Navigating Legal Structures for Healthcare Practices in Texas

Choosing the right entity and structure for your healthcare practice is a critical decision that directly influences compliance adherence, operational flexibility, tax efficiency, and risk mitigation strategies. Whether you’re a licensed physician, physician assistant, or another healthcare professional, your careful selection of the practice’s legal framework can pave the way for sustainable success and growth.

When you start a medical practice in Texas, understanding your options – LLPs, PLLCs, and PAs – is crucial. Texas law prohibits the corporate practice of medicine, highlighting the necessity for a compliant and liability-conscious legal structure.

Professional Limited Liability Company (PLLC):

In Texas, a PLLC operates much like a traditional LLC but caters specifically to professional service businesses. PLLCs grant members limited personal liability, shielding them from individual responsibility for company debts. Additionally, PLLCs have the option for pass-through tax treatment, ensuring profits are taxed as member income. This structure enables flexibility in management through customized operating agreements.

Professional Associations (PA):

In Texas, licensed physicians establish Professional Associations (PAs) while maintaining the doctor-patient relationship and providing liability protection akin to corporations. PAs, governed by boards of directors or executive committees. They facilitate physician collaboration, enabling resource pooling, expertise sharing, and coordinated efforts to address healthcare challenges. PAs play a crucial role as platforms for effective physician organization, ensuring compliance and upholding high standards of patient care.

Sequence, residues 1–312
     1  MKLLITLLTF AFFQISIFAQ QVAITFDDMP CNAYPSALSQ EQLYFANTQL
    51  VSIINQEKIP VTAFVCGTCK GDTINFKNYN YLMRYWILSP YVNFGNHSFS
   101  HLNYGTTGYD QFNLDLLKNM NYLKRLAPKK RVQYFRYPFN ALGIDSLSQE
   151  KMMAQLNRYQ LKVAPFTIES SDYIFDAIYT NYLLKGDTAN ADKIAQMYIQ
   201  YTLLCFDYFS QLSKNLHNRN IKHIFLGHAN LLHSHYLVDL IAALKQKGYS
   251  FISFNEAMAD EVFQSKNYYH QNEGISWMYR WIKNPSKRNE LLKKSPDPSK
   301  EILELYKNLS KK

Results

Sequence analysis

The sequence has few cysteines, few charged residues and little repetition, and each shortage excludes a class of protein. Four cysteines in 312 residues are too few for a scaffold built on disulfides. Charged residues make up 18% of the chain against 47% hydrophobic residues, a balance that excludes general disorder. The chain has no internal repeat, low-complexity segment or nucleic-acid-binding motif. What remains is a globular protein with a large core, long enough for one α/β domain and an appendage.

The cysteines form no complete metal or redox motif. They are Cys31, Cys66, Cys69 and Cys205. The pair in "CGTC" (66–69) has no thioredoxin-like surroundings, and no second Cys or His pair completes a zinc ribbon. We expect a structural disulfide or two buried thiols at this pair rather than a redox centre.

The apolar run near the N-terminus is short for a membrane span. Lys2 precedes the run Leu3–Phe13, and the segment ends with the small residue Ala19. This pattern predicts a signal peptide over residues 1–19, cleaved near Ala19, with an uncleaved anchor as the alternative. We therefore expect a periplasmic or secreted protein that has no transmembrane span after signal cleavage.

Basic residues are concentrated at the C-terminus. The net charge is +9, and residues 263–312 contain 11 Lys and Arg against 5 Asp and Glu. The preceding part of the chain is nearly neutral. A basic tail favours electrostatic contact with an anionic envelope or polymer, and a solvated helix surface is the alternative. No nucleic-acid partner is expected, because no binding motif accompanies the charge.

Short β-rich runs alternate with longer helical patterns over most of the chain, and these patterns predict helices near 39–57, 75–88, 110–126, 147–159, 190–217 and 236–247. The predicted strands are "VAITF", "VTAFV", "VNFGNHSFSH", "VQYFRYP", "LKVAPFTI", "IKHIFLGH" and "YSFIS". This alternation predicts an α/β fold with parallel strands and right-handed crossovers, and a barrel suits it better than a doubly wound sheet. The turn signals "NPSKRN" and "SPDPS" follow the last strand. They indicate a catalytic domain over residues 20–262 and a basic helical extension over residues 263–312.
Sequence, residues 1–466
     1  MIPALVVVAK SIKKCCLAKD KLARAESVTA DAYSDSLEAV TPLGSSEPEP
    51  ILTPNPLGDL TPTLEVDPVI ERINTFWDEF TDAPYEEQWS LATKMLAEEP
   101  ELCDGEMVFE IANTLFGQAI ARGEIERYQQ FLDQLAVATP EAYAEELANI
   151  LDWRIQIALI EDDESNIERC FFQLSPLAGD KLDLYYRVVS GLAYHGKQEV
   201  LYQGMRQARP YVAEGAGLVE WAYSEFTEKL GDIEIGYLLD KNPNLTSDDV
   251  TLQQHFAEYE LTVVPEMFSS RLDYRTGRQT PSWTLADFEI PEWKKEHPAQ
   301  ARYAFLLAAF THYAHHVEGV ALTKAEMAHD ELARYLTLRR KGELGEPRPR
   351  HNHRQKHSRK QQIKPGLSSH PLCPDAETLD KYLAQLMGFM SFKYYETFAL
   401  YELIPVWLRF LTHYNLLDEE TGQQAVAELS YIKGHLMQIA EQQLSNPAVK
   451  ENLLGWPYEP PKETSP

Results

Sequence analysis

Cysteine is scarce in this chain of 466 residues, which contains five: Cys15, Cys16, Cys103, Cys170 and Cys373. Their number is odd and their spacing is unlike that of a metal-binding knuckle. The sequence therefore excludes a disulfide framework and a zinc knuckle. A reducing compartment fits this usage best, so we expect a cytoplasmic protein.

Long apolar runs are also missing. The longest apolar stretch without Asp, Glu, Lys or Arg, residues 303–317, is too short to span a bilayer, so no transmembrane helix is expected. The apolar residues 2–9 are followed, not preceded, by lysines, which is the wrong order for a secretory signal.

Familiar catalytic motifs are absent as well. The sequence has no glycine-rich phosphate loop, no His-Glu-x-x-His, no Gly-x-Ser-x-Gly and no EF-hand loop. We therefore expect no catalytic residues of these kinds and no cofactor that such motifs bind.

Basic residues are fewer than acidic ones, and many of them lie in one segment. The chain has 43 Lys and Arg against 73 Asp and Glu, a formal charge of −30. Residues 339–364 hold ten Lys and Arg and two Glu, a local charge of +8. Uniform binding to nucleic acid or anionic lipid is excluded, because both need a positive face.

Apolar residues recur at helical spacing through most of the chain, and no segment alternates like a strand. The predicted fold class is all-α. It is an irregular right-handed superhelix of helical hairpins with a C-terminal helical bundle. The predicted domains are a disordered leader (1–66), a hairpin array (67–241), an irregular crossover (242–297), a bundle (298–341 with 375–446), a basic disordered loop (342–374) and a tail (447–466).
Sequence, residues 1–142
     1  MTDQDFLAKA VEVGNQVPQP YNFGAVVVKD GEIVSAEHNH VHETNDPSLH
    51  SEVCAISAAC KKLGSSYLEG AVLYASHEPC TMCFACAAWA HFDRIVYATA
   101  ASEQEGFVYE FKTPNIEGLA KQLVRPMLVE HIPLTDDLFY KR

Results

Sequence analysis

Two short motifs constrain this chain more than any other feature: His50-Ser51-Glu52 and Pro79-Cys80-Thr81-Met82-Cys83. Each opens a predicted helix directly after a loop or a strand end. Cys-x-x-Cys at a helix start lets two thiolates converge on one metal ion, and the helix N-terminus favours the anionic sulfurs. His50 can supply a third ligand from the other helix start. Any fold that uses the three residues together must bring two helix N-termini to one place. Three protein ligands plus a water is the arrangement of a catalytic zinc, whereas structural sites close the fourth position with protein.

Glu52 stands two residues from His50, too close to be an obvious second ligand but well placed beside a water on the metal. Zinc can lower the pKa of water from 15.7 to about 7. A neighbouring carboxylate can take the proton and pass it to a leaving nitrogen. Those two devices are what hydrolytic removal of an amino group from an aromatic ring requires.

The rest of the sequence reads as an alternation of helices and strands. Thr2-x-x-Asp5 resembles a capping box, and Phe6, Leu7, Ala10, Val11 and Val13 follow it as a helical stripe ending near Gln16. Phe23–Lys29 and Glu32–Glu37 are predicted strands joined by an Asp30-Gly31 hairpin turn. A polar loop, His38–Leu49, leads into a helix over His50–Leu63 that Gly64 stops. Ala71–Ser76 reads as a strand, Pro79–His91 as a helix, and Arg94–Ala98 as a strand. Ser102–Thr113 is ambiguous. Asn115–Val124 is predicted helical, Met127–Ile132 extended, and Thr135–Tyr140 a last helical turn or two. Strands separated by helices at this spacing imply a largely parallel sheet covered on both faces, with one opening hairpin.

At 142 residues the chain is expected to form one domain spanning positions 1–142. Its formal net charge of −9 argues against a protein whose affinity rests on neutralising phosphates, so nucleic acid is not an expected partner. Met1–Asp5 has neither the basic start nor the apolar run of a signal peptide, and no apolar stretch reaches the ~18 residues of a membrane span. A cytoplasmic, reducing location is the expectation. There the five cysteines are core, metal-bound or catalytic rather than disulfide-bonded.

Limited Liability Partnership (LLP):

LLPs afford partners limited liability protection, safeguarding personal assets in the face of legal claims against the partnership. With pass-through taxation, LLPs allocate profits directly to partners, who are then individually taxed on their share.

For Non-Physicians:

While non-physicians are barred from practicing medicine in Texas, collaborative ventures with physicians are feasible through joint ventures or management services organizations (MSOs). These ventures necessitate meticulous adherence to the Texas Business Organizations Code and should be established under the guidance of legal counsel.

Ownership for Physician Assistants:

Physician assistants may hold minority ownership interests in PA, PLLC, or LLP entities, provided that physicians maintain control and adhere to regulations prohibiting the corporate practice of medicine. It’s crucial to observe the restrictions outlined by the Texas Physician Assistant Board.

Seeking Assistance:

Considering the unique complexities of each medical practice, it’s highly advisable to consult a seasoned healthcare law attorney to determine the most suitable legal structure. Our dedicated team provides personalized guidance tailored to your needs and objectives, whether you’re an experienced practitioner or new to the field.

Selecting the right entity and structure for your healthcare practice is crucial, influencing compliance, flexibility, taxes, and risk. Regardless of your profession—physician, physician assistant, or other—your choice can lead to sustainable success. Understanding options like LLPs, PLLCs, and PAs is vital when starting a medical practice in Texas due to the ban on corporate medicine. We urge you to consult a seasoned healthcare law attorney for personalized guidance.

For expert advice on legal matters about your healthcare business, consider scheduling a free discussion with Dike Law Group at

Similar Posts